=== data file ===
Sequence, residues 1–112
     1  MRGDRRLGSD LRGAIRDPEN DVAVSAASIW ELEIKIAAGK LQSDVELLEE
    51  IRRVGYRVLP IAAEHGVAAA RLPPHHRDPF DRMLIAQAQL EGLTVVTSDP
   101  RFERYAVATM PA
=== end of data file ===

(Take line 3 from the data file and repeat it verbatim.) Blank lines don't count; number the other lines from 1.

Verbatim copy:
    51  IRRVGYRVLP IAAEHGVAAA RLPPHHRDPF DRMLIAQAQL EGLTVVTSDP